It forced me to become more mature as a minister. And I have and I did. There is hope. It continues onward. Christ is still on the throne. And we're all stronger for it.

I truly believe this last year and a half of struggle and difficulty is due to the fact that the church in America has been double-minded and living in sin and lukewarmness. This whole situation was a wake-up call for all of us. God doesn't cause it, our enemy does, but God uses it to mold us. He is using these hard times to mold and shape us into a pure and holy bride, ready for the great end times harvest and the return of Jesus Christ to the Earth. Let's be ready, and walk through the refiner's fire, because billions of souls still need the light of Christ in these last days! Amen! 

Monday, March 15, 2021

Predestination: What is Salvation? Faith in Christ or the Decree of God?

The classic debate of arminianism and calvinism began long ago, with John Calvin and Jacobus Arminius. Today we often experience the same debate within modern evangelical Christian circles. The key issue seems to develop around predestination.  The Calvinist doctrine concerned Arminius because of the issue of salvation.  Is salvation based on faith in Christ, or on the decree of God?

Arminius denied the Calvinist doctrines of supralapsarianism and infralapsarianism which both indicate that God decrees salvation or judgment on all believers, either prior to creating humans or after creating humans. Arminius viewed salvation as through Jesus Christ, not through a decree of God. Arminius views salvation as being about the work of Jesus Christ, and what he did on the cross. God may foreknow the future, but God hasn't forced the outcome. To Arminius faith is the key to salvation in Christ. God honors the decision of the person, the decision that God has divine foreknowledge of.

For the famed preacher John Wesley, he also rejected the concept of God forcing people to heaven or hell. He viewed free will as an important factor in the equation. He reasoned that faith was conditional, not irresistible. Belief was required to believe in Christ (what a concept).  But he developed an important concept, he referred to the concept as prevenient grace, the grace that goes before salvation. This is the idea that God is constantly sovereignly drawing us to Christ. So man is totally depraved, and God makes the first reach toward the person, to bring about salvation. Though free will, choice did play a role in embracing or rejecting Christ.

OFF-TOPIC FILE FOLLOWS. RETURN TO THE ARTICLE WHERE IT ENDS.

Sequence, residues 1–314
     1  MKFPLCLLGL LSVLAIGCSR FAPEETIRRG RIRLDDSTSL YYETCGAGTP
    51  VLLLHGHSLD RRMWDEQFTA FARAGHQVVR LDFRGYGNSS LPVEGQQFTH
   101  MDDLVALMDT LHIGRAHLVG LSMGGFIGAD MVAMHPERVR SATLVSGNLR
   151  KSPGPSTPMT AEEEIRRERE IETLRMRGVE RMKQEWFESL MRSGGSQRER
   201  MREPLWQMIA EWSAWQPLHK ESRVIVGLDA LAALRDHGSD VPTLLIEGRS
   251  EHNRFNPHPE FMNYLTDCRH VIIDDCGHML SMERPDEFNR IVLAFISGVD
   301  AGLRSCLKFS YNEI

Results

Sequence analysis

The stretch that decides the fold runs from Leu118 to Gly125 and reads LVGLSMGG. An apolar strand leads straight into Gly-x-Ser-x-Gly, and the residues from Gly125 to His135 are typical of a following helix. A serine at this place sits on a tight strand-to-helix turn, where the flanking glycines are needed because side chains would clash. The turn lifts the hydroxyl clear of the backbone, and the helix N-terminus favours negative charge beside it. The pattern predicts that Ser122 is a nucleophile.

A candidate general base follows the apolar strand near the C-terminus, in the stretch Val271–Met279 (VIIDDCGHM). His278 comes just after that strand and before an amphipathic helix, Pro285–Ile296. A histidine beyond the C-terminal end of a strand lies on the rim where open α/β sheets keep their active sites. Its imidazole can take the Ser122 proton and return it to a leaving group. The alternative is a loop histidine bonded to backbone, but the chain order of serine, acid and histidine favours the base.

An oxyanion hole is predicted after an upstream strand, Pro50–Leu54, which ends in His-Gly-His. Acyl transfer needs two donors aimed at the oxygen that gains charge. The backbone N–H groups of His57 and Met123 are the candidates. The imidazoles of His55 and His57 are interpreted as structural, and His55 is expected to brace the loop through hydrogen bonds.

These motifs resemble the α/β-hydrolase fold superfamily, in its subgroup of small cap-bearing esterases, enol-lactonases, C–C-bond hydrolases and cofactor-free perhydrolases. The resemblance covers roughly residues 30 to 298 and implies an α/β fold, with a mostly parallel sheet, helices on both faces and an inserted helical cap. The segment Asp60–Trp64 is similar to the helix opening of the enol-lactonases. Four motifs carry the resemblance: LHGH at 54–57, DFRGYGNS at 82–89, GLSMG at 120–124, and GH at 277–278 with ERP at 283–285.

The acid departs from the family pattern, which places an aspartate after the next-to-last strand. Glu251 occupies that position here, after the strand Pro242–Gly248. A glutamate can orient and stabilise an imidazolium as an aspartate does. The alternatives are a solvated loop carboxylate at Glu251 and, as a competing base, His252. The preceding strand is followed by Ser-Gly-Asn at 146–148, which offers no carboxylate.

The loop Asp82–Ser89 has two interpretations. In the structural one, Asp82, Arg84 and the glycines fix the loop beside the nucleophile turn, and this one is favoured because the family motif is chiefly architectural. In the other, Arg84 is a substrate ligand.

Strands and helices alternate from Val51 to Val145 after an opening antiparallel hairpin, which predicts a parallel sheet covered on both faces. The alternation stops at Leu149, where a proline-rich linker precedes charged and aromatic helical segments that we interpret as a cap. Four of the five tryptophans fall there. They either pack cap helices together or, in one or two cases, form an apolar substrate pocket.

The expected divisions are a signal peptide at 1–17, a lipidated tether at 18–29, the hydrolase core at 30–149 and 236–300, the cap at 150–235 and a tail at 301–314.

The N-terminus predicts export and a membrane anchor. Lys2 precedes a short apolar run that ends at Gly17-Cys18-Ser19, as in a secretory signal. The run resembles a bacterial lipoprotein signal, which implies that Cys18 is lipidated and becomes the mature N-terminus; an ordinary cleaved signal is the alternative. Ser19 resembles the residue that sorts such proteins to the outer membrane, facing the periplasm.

I find the responses of Arminius and Wesley to predestination to be thoroughly compelling. Predestination is a bizarre idea to me, at least taken to the extremes that Calvinists take it to. But even for the moderate Calvinist, when you draw the lines to the logical conclusion of predestination you to get this unbiblical idea that God decrees that some go to hell and some go to heaven, before they are even born.  And free will plays no role in it.  

So I think Arminius and Wesley properly balance this difficult issue between free will and election.  I don't think they balance it perfectly.  There is still something missing I think, but I'm not sure what it is. Because there is the reality of election, and predestination discussed in the scriptures. We can't discount the reality of God foreordaining some to salvation. Is it only a select few? It's hard to say. Maybe we will never know. Often times the Bible simply leaves two points of tension that outline an interior area that we can't quite grasp. And we wrestle with the tension, and eventually just leave it there as a permanent unresolved tension in the scriptures.

Friday, March 12, 2021

Augustine's Conversion



Augustine describes his encounters and life of sin in his early life as attributable to his own lost state and the foolishness of his own sinful heart. He doesn't really blame any particular set of circumstances, though he does mention that his father cared little for anything aside from for his education, and the hope that he would become an important and well known orator.  He mentions that his mother did try to be a good influence on him, but he dismissed her invitations to Christ as her simply being a foolish woman.

Augustine came to be bonded into several sins, the primary sin that held him seemed to be sexual sin; the sin of fornication. He also practiced thievery with his friends, once stealing fruit from a tree, and then essentially discarding it as he simply stole for the thrill and debased pleasure of stealing. Augustine of course eventually breaks free by turning to Jesus Christ for salvation, and repenting of his sins.  With the power of Christ at work within him, he found new power to resist sin and live holy and pure. He is overjoyed which shows in his writings to have found freedom from sin and the incredible love of Jesus.